Over the weekend, 21-year-old Dalton Kelley was arrested for aggravated kidnapping and aggravated assault.
Police said he forced a woman he used to have a relationship with into a car and assaulted her, then let her go.
The situation started in the parking lot of the Anytime Fitness Center on Mallory Lane. According to Franklin Police, Kelley posted bail.
So what do you do in a parking lot when a domestic situation turns violent? NewsChannel5's Alexandra Koehn took some of her questions to Lieutenant Charles Warner at the Franklin Police Department.
Alexandra Koehn said, “So Charlie every day we find ourselves in parking lots walking to our cars, maybe not really looking, what are some tips that we can do to protect ourselves?”
Charles Warner said, “One of the main things that people really need to do is keep their hands free. Obviously if someone comes up to you and tries to grab you or force you into the car or away from that location you can’t do much if your hands are full but if your hands are free, there’s a whole lot you can do as far as pushing away. Turning and running, there’s a lot that can be done with just your two hands.
Question: “If I’m walking right now and going to get in my car, maybe someone comes up beside me and I don’t know if they’re just trying to be friendly…Should I open the door? Should I keep the door closed? Should I keep it locked so I can run?”
Warner said, “Back away from them. The best thing you can do is back away from them. If you can put some space between you and the persons that approached, that gives you that much more time to react to whatever comes next. Because they may be asking for directions. They may recognize you from a meeting that you had with them earlier that week. They may not mean you any harm but if you can just back away for a minute and give yourself a little bit of space that will give you the time you need to assess that situation and respond appropriately."
Question: “Some people would even tell them, don’t fight, don’t put up a fight. Because you will get injured. That was some of the old tips. That’s over right?”
Warner said, “That’s the worst advice that anybody could possibly give at this point. Not fighting I mean if someone grabs you and takes you into their car, nothing good is going to come from that right. Absolutely nothing. If they take you from one location to another, your danger increases greatly. Never go anywhere with anyone. I tell this to kids. I tell this to moms. To single people whoever it is! Never get in a car and let someone take you from one location to another because your danger risk goes up greatly.”
Question: "And when you might know the person, maybe it’s an ex-husband, an ex-boyfriend or some type of relationship with… your guard is down. Which is so hard because maybe they’re just trying to have that casual conversation?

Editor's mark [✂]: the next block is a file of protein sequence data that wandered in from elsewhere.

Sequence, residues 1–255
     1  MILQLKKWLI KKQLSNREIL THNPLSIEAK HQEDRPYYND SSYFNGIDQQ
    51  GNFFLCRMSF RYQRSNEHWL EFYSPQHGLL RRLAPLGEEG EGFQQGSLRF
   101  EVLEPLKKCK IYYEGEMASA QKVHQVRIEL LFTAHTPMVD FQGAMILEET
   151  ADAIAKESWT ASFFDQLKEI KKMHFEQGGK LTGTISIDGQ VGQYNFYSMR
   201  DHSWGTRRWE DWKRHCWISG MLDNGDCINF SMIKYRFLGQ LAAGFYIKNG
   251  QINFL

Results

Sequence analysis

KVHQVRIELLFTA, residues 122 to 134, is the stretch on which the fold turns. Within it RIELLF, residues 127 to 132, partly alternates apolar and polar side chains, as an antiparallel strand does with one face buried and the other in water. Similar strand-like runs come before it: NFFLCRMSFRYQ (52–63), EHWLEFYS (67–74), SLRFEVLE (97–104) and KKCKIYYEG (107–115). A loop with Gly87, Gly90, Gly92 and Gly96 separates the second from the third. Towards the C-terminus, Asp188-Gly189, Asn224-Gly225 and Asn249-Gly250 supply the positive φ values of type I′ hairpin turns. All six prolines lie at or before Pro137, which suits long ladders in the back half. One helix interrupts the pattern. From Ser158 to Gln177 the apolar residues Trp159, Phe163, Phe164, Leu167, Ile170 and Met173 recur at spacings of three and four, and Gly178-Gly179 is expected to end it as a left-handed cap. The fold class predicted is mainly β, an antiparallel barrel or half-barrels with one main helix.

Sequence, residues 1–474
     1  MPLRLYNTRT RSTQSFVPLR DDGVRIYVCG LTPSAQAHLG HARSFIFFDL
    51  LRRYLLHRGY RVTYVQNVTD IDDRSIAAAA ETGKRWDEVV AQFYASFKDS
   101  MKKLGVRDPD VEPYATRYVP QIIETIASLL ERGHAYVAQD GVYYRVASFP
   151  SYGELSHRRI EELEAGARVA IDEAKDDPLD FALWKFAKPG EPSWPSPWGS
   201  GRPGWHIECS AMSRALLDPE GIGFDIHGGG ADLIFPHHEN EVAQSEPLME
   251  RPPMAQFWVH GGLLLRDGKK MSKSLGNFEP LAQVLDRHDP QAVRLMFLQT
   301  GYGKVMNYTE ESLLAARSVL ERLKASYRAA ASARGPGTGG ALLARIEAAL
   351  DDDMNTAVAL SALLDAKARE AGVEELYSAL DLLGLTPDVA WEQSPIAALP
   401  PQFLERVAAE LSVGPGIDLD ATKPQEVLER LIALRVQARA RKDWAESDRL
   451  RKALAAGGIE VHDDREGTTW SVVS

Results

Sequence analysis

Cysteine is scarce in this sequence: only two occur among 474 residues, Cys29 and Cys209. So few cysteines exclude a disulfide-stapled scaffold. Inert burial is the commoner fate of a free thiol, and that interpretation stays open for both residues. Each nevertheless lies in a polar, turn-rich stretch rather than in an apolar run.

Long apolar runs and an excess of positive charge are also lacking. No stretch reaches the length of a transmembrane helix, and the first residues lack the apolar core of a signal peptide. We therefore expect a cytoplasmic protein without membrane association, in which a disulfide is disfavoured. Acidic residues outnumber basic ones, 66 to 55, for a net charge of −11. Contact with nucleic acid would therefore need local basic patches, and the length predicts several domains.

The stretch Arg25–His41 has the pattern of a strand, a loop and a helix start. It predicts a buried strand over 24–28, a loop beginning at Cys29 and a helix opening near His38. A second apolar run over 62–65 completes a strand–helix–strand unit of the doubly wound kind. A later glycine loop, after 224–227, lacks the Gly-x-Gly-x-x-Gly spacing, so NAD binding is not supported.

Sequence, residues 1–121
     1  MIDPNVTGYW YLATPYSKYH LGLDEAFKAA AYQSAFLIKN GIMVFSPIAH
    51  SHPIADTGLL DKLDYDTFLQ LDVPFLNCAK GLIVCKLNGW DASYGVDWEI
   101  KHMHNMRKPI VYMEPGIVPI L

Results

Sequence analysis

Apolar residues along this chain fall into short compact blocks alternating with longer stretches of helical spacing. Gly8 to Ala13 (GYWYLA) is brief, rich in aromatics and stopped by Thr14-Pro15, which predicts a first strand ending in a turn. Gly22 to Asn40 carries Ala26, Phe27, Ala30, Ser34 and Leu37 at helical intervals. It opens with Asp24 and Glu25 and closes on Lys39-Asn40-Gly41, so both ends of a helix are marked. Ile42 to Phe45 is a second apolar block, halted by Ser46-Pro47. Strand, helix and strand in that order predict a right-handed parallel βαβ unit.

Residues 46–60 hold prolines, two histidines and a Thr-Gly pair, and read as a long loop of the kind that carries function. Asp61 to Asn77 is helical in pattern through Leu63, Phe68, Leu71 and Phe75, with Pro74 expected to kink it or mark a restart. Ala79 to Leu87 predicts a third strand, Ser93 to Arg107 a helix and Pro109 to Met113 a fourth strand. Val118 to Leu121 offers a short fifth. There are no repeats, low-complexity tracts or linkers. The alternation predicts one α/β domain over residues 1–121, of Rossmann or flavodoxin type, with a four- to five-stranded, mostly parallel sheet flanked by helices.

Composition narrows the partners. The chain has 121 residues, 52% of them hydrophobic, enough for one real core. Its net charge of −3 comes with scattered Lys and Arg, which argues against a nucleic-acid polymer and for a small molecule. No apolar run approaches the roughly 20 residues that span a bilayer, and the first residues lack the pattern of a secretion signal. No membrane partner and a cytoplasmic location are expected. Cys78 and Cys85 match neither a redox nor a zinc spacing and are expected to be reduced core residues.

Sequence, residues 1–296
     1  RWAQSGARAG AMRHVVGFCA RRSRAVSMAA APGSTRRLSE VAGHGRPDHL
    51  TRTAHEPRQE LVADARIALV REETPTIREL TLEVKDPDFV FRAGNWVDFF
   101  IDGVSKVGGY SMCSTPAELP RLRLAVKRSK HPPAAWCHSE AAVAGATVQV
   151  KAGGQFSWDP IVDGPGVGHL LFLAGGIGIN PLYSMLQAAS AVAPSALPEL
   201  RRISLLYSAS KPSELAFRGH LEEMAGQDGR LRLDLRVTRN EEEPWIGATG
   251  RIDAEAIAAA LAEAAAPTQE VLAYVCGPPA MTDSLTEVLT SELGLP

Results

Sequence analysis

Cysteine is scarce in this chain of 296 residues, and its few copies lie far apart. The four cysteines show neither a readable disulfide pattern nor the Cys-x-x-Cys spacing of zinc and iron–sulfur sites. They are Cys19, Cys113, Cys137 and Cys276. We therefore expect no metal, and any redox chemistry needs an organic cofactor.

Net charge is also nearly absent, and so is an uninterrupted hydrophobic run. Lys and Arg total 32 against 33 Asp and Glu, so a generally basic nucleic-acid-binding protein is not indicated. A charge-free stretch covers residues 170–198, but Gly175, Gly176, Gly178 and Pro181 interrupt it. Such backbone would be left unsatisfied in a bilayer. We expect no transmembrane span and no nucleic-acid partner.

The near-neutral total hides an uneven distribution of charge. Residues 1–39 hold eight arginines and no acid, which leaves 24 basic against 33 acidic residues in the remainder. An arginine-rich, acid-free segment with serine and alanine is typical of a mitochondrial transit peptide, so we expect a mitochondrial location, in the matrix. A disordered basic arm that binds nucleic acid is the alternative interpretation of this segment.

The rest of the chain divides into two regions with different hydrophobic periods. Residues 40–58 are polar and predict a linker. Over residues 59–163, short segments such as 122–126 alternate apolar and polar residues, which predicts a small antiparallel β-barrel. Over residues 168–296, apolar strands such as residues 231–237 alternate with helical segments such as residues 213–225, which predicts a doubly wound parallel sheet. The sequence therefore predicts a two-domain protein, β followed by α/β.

Warner said, The fact is that you know the danger level. If you know someone and you have been in a relationship with them and that relationship has been a little rocky, you know that things aren’t good and that there is a danger. And so put that space between ya. Because no matter if it’s a stranger or someone that you know well. It gives you time to assess it and it actually makes them have to move a little more to grab you or do whatever’s going to come next."
Question: "So say you are trying to put me into a car, what would you do if you were a suspect? You would probably grab me right?
Warner said, “If someone comes up behind you as you’re trying to open your car door, back away. Don’t let yourself get pinned in. If you take a step to your left, you’re out of there.
Question: “So say we were in that parking lot at that thrift store, some of the cars are right next to each other, if I’m walking to my car maybe put some groceries in the back and I’m heading to get in and someone gets out of this car from right here what should I do? Should I just start backing?
Warner said,“Yes start backing up because all of a sudden you’ve got all this room. If you back out of that situation it’s amazing how much room you actually have. That distance is your best friend in situations where you’re trying to assess danger to decide if someone means you harm or maybe they’re just trying to say hello... If I were to grab onto you you want to push me away and scream and you wana hit me scratch nails, once they grab onto you, all bets are off. At that point this is not good, you no longer have to assess where that is going. You know if someone is grabbing onto you, you are in danger. And you’ve got to fight like heck to get out of that situation. As quickly as you can."